If they’d had a crystal ball would Steve Wright and David P. Crickmore - who formed Fiat Lux in the early 80s - have still embarked on a musical journey that would see the duo finally release their debut full-length album in 2019? I get the feeling they would as ‘Saved Symmetry’ has the feel and sound of an album that encompasses everything the duo were trying to achieve back in the day. The Latin phrase Fiat Lux translates as Let There Be Light, with light as a metaphor for wisdom. This seems fitting as ‘Saved Symmetry’ finally sees the light of day and I’m pretty sure Steve and David have learnt a few things along the way.
The Fiat Lux story is the usual tale of near misses and record company shenanigans. The duo gained their first break when Steve Wright met Be-Bop Deluxe frontman Bill Nelson and It would be Bill who would release the first Fiat Lux single ‘Feels Like Winter Again’ on his Cocteau label in November of 1982. Bill’s younger brother Ian joined the band around this time adding saxophone which remains an integral part of the Fiat Lux sound to this day (Ian, unfortunately, passed away in 2006). A major deal with Polydor was inked and the band released a mini album ‘Hired History’ and a string of singles with ‘Secrets’ and ‘Blue Emotion’ creeping into the lower reaches of the charts. They toured with the likes of Howard Jones, Thomas Dolby, Nik Kershaw and John Cale while UK TV appearances on The Old Grey Whistle Test and in a Channel 4 documentary helped boost their profile. Despite all this, the band eventually split in 1985 after a planned full-length Polydor debut album was shelved.
Thirty-two years later Wright and Crickmore reformed to record a version of ‘Secrets’ - which the duo seemingly refuse to let die. I'm pleased to report that ‘Secrets’ features as a bonus track on 'Saved Symmetry' and sounds wonderful with Ric Sanders' violin and Kathryn Roberts' woodwind a welcome addition. Musically Fiat Lux is firmly rooted in the sounds of the 80s with those terrific vintage synths providing the foundations on which the album is built. Dig a little deeper though and David Crickmore’s bass guitar is surprisingly upfront and gives their sound a more organic feel than you might expect. The opening track ‘Tuesday’ builds slowly with scratchy distortion and acoustic guitar but the bass guitar is the driving force – Crickmore gives it a really good thwack – before what initially felt like an instrumental piece unexpectedly changes gear as Steve Wright adds a hushed, mannered almost spoken vocal. Wright and Crickmore seem very comfortable with progressive and art rock from the 70s and it adds another dimension to their sound with the opening track reminiscent of Pink Floyd. ‘Hold Me While You Can’ follows and brings to mind Heaven 17 but the addition of Will Howard’s clarinet and a strident saxophone solo works beautifully adding impressive musicality to the track.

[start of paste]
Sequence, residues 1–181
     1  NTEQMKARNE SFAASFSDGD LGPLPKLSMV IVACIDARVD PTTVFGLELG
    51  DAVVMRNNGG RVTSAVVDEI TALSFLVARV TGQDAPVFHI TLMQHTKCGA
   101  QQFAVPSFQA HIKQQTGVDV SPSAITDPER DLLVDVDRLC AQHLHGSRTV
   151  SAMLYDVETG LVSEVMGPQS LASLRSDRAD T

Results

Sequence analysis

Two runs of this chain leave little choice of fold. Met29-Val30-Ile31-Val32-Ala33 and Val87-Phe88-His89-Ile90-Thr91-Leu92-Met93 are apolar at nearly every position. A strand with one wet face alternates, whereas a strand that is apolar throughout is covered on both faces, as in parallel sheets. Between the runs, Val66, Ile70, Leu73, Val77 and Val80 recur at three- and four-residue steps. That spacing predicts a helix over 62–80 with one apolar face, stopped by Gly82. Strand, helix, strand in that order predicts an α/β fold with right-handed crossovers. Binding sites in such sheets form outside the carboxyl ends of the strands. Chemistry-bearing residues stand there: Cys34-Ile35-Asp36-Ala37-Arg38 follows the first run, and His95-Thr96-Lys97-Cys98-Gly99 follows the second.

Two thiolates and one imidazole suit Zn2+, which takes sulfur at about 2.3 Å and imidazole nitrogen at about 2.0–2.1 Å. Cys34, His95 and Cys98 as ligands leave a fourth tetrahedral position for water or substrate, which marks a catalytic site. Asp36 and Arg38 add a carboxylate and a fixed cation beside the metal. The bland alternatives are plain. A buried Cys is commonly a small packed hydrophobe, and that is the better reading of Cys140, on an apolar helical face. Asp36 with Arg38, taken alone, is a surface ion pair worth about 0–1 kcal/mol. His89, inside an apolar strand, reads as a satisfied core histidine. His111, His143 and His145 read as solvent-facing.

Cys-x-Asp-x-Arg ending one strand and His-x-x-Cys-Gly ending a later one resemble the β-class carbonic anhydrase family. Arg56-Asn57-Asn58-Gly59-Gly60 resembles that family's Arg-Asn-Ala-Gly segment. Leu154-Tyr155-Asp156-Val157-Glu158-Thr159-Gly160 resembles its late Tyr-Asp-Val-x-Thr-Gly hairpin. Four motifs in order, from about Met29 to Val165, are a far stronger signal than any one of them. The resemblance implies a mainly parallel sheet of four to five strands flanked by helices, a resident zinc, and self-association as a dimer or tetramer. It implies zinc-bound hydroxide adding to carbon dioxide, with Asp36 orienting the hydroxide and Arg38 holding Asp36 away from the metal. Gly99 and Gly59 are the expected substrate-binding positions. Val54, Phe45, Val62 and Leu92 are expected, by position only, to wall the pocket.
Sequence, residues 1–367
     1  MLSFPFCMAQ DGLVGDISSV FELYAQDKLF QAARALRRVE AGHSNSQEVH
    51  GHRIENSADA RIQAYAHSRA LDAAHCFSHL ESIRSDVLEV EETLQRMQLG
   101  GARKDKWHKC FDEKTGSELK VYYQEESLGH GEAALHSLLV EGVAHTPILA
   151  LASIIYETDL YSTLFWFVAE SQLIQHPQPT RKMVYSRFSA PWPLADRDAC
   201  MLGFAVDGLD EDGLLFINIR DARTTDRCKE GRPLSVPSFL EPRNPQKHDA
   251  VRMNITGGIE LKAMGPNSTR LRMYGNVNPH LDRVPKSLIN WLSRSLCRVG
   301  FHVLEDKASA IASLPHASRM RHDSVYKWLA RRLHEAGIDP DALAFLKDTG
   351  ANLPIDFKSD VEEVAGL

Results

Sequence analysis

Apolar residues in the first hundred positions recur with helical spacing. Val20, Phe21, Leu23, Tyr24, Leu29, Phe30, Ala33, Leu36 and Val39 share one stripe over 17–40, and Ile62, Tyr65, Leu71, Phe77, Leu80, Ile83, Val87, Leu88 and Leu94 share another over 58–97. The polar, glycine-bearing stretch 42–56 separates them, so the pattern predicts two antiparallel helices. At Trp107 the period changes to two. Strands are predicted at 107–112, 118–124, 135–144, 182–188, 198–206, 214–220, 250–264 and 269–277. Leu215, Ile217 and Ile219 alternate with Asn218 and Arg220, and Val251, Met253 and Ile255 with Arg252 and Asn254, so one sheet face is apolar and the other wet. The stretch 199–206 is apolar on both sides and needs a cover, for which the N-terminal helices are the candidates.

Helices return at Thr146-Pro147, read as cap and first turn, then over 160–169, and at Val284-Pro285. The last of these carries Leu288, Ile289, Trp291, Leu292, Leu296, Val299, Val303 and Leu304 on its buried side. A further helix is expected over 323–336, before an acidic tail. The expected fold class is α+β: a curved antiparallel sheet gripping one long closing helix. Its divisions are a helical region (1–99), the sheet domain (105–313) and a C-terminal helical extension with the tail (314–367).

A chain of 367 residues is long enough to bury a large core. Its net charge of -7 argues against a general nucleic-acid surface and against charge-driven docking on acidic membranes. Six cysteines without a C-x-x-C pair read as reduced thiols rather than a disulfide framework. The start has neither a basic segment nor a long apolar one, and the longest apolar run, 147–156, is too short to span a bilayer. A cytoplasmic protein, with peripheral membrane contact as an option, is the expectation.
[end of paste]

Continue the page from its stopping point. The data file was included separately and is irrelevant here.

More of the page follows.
Throughout ‘Saved Symmetry’ the duo prove particularly adept at catchy 80s synth-pop with ‘Everyday in Heaven’, ‘Long Lost Love’ and ‘It’s You’ displaying a timeless quality and a notable appreciation for a catchy hook. ‘Grey Unpainted Rooms’ is more melancholy and orchestral while ‘We Can Change the World’ has quite glorious synth parts with Will Howard’s saxophone again to the fore. ‘We Can Change The World’ is one of many tracks here that benefit from nicely judged arrangements and the placement of the harmony vocals with ‘Wasted (On Baby Tears)’ another winner in this regard. As if to ram home their versatility and refusal to be boxed in ‘Calling All Angels’ again finds the duo exploring their more downbeat and melancholy side on a synth-heavy piano ballad given a jazzy inflexion thanks to Jude Abbott’s trumpet contribution. The album concludes with the instrumental title track providing a fitting climax to a lovingly compiled and beautifully performed album. This mix of light and shade in the song structure and the sometimes unusual choice of instrumentation makes for an immersive listening experience.
It might have taken decades to arrive but ‘Saved Symmetry’ is a terrific record which all fans of 80s pop should enjoy. Fiat Lux are starting fresh and 2019 looks like it could be a big year for them with their 80s material - the majority of which has remained unreleased - also set for release later this year. Finally, the planets seem to be in alignment for Fiat Lux to enjoy a little of the success they narrowly missed all those years ago.
Saved Symmetry will be released March 8th 2019 on the Splid Records label via Proper Music Distribution.